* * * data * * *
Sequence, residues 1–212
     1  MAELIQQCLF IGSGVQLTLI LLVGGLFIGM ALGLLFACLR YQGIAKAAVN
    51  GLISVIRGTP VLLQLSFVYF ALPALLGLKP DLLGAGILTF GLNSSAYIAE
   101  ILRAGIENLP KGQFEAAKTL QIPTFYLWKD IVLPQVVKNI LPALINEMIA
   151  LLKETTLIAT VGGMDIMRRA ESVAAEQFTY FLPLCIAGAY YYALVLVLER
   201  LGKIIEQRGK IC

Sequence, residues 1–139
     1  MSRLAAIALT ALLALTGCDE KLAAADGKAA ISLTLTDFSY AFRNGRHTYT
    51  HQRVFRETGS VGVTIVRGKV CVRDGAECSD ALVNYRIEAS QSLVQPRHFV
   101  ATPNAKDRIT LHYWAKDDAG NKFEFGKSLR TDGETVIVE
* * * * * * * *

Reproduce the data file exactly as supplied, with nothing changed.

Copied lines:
Sequence, residues 1–212
     1  MAELIQQCLF IGSGVQLTLI LLVGGLFIGM ALGLLFACLR YQGIAKAAVN
    51  GLISVIRGTP VLLQLSFVYF ALPALLGLKP DLLGAGILTF GLNSSAYIAE
   101  ILRAGIENLP KGQFEAAKTL QIPTFYLWKD IVLPQVVKNI LPALINEMIA
   151  LLKETTLIAT VGGMDIMRRA ESVAAEQFTY FLPLCIAGAY YYALVLVLER
   201  LGKIIEQRGK IC

Sequence, residues 1–139
     1  MSRLAAIALT ALLALTGCDE KLAAADGKAA ISLTLTDFSY AFRNGRHTYT
    51  HQRVFRETGS VGVTIVRGKV CVRDGAECSD ALVNYRIEAS QSLVQPRHFV
   101  ATPNAKDRIT LHYWAKDDAG NKFEFGKSLR TDGETVIVE